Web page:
Marketing is being redefined by the changing habits of consumers, by the limitless choice for placing ads and the access to customers through a variety of channels. As a result, many companies are changing their plan of action and the allocation of their budgets for the different channels, including the web, campaigns, including mobile, social media, etc.
Recent studies which have analyzed the course of online shoppers, indicate that traditional marketing campaigns on the web as the purchase of keywords to search engines, the proliferation of banners, the use of affiliate networks, and emailing campaigns, remain the preferred solutions to boost online sales, while investments in social media are still very low, used to buzz, and rarely associated with revenue generation.
The e-retailers problem is to determine the best approaches to attract web buyers all year long and in particular during certain key periods, such as Christmas and New Year for example. For that they have to understand what motivates consumers to buy? How do they find the offers? Do they research or not, thoroughly or not? What role social buzz has in the buying process?
Consumers, who buy online, have necessarily been influenced (a bit, much, not at all) by e-retailers marketing efforts on the web. While organic traffic (client direct accesses to the site) is the most profitable trade channel, it is also the least reliable because most buyers do not know most of the time the website address. Most buyers go through various stages before reaching the site and complete a transaction. In fact they have in 80% of cases researched, react to a promotional email, seen an ad or an article, or use a comparator. While the majority of buyers are touched by a marketing program before making their purchase, 45% are exposed to at least two marketing activities before finalizing their transaction. This shows the interest for retailers to be not satisfied with knowing only the last action taken by the client (the famous last click).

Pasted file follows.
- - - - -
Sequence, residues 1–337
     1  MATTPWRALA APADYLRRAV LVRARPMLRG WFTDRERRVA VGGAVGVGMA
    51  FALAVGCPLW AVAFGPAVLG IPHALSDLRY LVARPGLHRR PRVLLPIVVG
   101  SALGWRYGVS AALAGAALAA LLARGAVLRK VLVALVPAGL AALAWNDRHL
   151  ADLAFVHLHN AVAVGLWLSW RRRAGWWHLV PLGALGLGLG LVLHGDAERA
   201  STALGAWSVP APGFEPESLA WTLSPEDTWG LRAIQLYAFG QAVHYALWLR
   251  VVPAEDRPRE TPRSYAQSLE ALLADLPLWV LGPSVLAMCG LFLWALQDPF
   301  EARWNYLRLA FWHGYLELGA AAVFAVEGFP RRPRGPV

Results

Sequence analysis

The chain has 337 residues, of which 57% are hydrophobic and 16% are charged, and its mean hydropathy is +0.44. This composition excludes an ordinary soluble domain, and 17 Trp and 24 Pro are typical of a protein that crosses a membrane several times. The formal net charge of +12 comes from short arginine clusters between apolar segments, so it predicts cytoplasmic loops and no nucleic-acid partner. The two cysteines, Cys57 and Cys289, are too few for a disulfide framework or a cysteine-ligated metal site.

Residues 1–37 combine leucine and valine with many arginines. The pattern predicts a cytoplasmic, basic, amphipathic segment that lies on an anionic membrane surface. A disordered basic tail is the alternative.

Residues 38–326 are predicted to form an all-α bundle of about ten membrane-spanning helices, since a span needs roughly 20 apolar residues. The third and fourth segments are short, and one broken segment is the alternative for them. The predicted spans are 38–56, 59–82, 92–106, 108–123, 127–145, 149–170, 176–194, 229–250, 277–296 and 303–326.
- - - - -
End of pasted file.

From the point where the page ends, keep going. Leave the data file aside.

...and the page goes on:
While marketers use a variety of tools, and develop a large number of promotional and communication, studies show that investments in search engines and e-mails are more effective in generating business turnover. Depending on the industry, these two actions alone generate 40 to 60% of sales. The impact of other activities, affiliation, banners ... etc.., is more difficult to assess, because it is often very early in the process of influence, and few studies have the necessary historical data to highlight their importance. As most retailers rely on analysis of the last click, the evaluation of the contributions of different types of actions is totally distorted.
More and more companies want to better understand the entire course of their clients before they purchase, as well as the actual impact of their marketing efforts. This level of knowledge required to understand more fully the relationship that the customer has had with the brand, and beyond simple statistics related to its last click. For that it is necessary to establish an evaluation of the multiple actions that affected the customer before he buys, based on a proper management and analysis of relevant Big Data.
To go further on this subject, how to assign to different marketing actions a fair contribution share to the results, you can usefully consult the following presentation, it does not aim to be exhaustive, but might give you some perspective: